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Metro Vancouver mayors to hear from addictions minister on public drug use

Jennifer Whiteside: "We know that the use of substances in public spaces is a long-standing concern, and it did not begin with decriminalization."
Jennifer Whiteside, B.C.’s Minister of Mental Health and Addictions, is scheduled to make a presentation Wednesday to Metro Vancouver mayors regarding drug use in public spaces. Photo Mike Howell

The region’s mayors are scheduled to receive a presentation Wednesday from B.C.’s minister of mental health and addictions regarding the issue of drug use in public spaces such as parks and playgrounds.

Jennifer Whiteside’s meeting with the Metro Vancouver Regional District mayors’ committee in Burnaby comes almost seven months after the provincial government launched an experiment Jan. 31 to decriminalize drugs.

Since then, Port Coquitlam amended its bylaws to forbid the use of drugs such as fentanyl, cocaine, methamphetamine and MDMA in parks and public spaces. Some other cities in B.C., including Campbell River, have either adopted similar policy or raised the issue in council debate.

“We know that the use of substances in public spaces is a long-standing concern, and it did not begin with decriminalization,” said Whiteside in an email to Glacier Media.

“However, every community is experiencing the toxic drug crisis differently and we need to ensure everyone feels safe. That is why we have been engaging with municipalities and other stakeholders regarding legislation for our fall legislative session to address the use of illicit drugs in public spaces.”

'Balance municipal needs'

Whiteside, who will meet with the mayors as a group for the first time since appointed minister, didn’t elaborate whether the model established by Port Coquitlam would be considered or adopted across the province.

She said the Ministry of Public Safety and Solicitor General is currently considering a range of feedback received during the consultation process.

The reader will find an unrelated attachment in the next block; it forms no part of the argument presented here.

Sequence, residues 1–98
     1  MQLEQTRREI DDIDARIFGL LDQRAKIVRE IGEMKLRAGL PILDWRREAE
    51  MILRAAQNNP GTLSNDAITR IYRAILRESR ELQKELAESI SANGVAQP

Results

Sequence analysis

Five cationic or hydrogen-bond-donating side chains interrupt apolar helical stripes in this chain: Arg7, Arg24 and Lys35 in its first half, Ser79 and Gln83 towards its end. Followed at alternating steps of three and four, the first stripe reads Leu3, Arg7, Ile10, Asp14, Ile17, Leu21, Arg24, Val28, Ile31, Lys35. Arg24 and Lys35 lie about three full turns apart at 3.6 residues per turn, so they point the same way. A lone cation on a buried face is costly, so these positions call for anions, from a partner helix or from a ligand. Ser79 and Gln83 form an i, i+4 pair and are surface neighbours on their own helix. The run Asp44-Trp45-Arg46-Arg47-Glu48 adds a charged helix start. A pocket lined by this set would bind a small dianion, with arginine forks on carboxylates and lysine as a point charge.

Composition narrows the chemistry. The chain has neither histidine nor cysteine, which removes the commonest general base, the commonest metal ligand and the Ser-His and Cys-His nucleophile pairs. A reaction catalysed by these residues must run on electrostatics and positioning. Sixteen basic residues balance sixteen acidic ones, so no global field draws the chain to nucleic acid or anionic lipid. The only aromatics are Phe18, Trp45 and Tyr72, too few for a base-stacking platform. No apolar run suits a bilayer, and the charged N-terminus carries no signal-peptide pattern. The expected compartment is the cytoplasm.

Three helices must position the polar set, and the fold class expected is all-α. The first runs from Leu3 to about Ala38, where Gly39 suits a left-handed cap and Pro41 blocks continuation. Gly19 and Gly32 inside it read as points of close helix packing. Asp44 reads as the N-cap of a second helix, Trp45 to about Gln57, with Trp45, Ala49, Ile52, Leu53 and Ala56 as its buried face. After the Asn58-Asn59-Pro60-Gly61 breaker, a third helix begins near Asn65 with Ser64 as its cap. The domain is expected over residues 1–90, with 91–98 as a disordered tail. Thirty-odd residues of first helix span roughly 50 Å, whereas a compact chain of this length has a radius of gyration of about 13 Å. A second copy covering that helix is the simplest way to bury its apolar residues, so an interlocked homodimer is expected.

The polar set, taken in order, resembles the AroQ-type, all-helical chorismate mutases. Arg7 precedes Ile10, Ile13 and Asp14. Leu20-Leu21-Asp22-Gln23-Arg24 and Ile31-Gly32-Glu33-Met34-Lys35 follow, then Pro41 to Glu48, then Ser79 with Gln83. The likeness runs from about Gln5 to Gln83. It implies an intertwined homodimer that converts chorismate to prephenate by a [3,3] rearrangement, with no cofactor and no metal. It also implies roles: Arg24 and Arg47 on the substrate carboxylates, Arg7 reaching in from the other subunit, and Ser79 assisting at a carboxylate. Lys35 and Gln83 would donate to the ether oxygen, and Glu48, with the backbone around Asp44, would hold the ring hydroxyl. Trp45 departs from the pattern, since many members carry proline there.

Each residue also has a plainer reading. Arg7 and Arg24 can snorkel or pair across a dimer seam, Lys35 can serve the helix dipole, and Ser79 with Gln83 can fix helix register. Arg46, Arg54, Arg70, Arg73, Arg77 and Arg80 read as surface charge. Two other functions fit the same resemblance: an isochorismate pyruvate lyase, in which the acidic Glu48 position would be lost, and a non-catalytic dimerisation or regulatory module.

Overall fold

That information will inform development of legislation that “balances municipal needs in the context of the public health emergency with public health and the ongoing toxic drug crisis,” the minister said.

Added Whiteside: “We are committed to getting this right. This means being responsive as issues arise and adapting policies to address them the best we can. We’ll have more details about this work in the coming weeks.”

As of Jan. 31, people in B.C. in possession of 2.5 grams or less of fentanyl, heroin, morphine, crack and powder cocaine, methamphetamine or MDMA cannot be arrested or have their drugs seized. File photo Dan Toulgoet

1,455 drug deaths

The province’s decriminalization law, which applies to people 18 and older, is the result of a successful push from the B.C. government to have Health Canada grant the province an exemption from the Controlled Drugs and Substances Act.

The exemption began Jan. 31 and expires Jan. 31, 2026.

People in possession of 2.5 grams or less of fentanyl, heroin, morphine, crack and powder cocaine, methamphetamine or MDMA cannot be arrested or have their drugs seized.

The B.C. government is on record saying decriminalization is a critical step and another tool in the fight against the toxic drug crisis, which killed at least 12,739 people since a public health emergency was first declared in April 2016.

This year alone, between January and July, 1,455 people died of a drug overdose, according to recent data from the BC Coroners Service.

Vancouver Deputy Police Chief Fiona Wilson. Photo Mike Howell